SALT LAKE CITY — Utah Sen. Mike Lee said Thursday that his comparison of President Donald Trump to Captain Moroni from the Book of Mormon said wasn't intended to be "distracting or offensive," after receiving some sharp criticism for the remarks.
Lee's initial comparison came while making some final pleas to Christian voters at a rally for Trump in Arizona on Wednesday.
"To my Mormon friends, my Latter-day Saint friends," the Republican senator said at the rally, "think of him as Captain Moroni. He seeks not power but to pull it down. He seeks not the praise of the world or the fake news, but he seeks the wellbeing and the peace of the American people."
Lee's comments were a modified verse from the Book of Mormon, which is considered to be holy scripture to members of The Church of Jesus Christ of Latter-day Saints. The original verse read: "I seek not for power, but to pull it down. I seek not for honor of the world, but for the glory of my God, and the freedom and welfare of my country."
In the Book of Mormon, Captain Moroni is a military commander who inspired soldiers to fight for freedom. The scripture states that if all men were like Captain Moroni, "the very powers of hell would have been shaken forever; yea, the devil would never have power over the hearts of the children of men."
When asked for a clarification on the analogy, Lee's spokesman Conn Carroll said: "Captain Moroni was a government official, not a prophet. He sought not power, but to pull it down. We should all aspire to be like Captain Moroni."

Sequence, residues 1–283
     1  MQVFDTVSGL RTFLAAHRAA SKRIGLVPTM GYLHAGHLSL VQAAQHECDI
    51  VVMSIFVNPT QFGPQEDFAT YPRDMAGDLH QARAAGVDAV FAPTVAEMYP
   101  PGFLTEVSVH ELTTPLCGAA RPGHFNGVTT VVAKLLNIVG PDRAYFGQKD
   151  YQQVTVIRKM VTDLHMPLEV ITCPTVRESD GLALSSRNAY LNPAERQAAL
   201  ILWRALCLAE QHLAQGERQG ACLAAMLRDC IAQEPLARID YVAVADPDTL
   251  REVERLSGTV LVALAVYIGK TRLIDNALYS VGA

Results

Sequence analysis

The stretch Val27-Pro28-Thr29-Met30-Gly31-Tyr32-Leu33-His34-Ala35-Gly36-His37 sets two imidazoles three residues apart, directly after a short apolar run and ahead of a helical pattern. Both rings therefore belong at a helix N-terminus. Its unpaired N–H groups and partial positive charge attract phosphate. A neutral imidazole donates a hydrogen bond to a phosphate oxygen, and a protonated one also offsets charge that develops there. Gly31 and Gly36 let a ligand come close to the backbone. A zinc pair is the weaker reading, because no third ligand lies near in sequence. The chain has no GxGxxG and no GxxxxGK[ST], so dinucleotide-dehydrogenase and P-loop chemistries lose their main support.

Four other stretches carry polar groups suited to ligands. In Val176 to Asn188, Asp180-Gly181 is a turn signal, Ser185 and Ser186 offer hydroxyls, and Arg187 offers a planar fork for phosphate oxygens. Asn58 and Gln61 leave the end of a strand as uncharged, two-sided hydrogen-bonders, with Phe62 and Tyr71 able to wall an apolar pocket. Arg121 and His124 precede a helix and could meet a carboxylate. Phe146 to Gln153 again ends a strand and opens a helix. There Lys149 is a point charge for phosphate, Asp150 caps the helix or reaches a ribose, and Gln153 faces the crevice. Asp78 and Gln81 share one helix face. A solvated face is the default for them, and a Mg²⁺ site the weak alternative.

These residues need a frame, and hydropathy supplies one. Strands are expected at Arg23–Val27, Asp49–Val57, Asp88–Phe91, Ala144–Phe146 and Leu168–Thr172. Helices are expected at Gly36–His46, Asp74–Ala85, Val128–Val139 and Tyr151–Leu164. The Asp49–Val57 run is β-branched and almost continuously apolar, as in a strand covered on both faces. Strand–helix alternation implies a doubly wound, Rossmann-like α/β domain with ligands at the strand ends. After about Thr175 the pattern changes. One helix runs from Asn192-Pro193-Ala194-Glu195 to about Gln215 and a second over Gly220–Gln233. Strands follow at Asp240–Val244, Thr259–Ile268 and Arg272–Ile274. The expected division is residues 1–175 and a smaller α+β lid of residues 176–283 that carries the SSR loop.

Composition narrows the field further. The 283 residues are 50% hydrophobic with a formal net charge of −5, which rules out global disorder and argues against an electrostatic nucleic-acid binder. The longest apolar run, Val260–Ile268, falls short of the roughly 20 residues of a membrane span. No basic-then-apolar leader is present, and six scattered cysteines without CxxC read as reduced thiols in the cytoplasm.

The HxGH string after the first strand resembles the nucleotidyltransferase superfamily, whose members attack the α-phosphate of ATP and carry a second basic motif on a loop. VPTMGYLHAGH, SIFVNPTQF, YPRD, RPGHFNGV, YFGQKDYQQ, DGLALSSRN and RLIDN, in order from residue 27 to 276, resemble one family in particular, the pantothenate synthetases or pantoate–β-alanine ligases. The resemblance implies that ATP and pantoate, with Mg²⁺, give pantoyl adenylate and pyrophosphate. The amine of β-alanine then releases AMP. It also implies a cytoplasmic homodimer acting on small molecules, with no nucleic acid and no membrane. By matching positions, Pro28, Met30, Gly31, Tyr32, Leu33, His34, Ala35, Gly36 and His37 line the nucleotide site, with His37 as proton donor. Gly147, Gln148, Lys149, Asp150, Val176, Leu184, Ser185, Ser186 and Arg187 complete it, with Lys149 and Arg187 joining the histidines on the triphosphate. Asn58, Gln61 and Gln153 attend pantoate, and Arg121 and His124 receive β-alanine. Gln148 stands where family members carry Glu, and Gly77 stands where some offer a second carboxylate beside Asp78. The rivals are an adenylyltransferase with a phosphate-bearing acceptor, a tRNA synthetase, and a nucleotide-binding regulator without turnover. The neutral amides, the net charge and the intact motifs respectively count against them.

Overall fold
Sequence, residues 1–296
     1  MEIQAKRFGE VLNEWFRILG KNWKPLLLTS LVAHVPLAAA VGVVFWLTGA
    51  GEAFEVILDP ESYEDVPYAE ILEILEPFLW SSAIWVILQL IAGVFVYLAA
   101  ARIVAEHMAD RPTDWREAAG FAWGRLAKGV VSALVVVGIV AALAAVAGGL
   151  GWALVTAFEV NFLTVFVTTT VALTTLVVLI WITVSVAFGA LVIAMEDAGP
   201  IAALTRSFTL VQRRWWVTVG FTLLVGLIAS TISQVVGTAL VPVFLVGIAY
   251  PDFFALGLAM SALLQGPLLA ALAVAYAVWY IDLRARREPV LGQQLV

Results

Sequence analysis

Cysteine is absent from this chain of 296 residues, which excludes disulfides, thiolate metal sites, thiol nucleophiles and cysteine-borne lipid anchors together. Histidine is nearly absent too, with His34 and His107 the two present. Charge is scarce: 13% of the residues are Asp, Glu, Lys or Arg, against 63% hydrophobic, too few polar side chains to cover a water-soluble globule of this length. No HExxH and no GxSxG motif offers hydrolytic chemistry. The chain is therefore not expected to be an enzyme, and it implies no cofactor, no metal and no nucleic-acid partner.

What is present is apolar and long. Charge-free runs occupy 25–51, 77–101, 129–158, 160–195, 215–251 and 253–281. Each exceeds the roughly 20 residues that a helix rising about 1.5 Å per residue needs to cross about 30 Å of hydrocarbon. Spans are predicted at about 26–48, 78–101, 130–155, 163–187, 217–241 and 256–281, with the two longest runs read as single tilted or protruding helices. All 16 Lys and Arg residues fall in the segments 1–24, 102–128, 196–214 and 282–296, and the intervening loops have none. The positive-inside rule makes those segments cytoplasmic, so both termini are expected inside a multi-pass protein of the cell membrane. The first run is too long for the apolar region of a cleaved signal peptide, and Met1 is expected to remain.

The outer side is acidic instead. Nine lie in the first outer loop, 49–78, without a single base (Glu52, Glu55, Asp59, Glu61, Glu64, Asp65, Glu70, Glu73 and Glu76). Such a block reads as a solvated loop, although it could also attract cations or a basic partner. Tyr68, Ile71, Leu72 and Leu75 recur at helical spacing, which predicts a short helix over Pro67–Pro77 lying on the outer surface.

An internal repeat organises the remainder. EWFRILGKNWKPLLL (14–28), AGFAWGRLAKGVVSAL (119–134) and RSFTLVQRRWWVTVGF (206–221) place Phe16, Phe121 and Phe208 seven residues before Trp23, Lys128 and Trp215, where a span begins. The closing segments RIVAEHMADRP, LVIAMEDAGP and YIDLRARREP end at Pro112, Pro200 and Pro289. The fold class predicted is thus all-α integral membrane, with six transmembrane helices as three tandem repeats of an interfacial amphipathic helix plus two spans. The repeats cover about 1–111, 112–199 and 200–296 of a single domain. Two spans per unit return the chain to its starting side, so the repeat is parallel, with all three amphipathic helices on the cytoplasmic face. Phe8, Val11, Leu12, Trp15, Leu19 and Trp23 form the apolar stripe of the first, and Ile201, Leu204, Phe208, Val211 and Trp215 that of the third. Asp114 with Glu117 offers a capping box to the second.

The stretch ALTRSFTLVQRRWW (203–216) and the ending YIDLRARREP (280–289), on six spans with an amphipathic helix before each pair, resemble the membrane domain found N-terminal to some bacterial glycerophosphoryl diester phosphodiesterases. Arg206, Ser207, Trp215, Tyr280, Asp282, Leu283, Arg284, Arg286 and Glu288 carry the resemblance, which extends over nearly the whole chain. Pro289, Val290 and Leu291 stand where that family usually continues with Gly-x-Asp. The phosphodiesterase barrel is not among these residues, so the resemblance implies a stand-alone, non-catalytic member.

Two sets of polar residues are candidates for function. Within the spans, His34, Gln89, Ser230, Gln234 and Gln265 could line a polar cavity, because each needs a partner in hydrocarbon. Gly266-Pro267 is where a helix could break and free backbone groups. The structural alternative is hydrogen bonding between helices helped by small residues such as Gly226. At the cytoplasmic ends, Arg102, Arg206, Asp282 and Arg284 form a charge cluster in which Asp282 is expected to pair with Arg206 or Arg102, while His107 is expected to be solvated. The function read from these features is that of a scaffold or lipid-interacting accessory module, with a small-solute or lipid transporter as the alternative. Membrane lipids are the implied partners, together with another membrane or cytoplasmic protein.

In a Facebook post made Thursday night to Lee's personal page, the senator offered further explanation and said it was maybe an "awkward" analogy and it might have been "more distracting or offensive" to some, rather than helpful.
"Some people found that comparison upsetting, blasphemous, and otherwise wrong," Lee wrote. "I respect their right to feel that way, and realize that my impromptu comments may not have been the best forum for drawing a novel analogy from scripture."
Noting that he doesn't consider the president to be a prophet nor does he think Trump should be "revered as a religious leader," Lee wrote that he instead was trying to convey the respect he's developed for the man during his presidency.
"After working with and getting to know President Trump over the last four years, I now see him in a very different light than I did in 2016," Lee wrote.
He also said he wasn't arguing that religious voters couldn't "reach a different conclusion" in deciding for whom they vote and that he didn't intend to imply he agreed with "everything (Trump) has ever said or done." Lastly, he said wasn't encouraging people "to emulate President Trump in the same way they might pattern their lives after Captain Moroni."
"I do my best to say what I think in open and forthright ways at all times," Lee continued. "I hope you will respect my right to do my best at that, even when my words come across in ways that offend you."
Lee had earlier posted the video of his short rally appearance on his personal Facebook page and said, "Have you ever wondered what would happen if you were called onto a stage by the president of the United States and asked to speak with only a moment's notice? ... That happened today. It was quite an honor and a lot of fun. Thank you, President Trump!"
But there were plenty of Latter-day Saints who didn't like the comparison between the president and the Book of Mormon hero — and spoke up about it.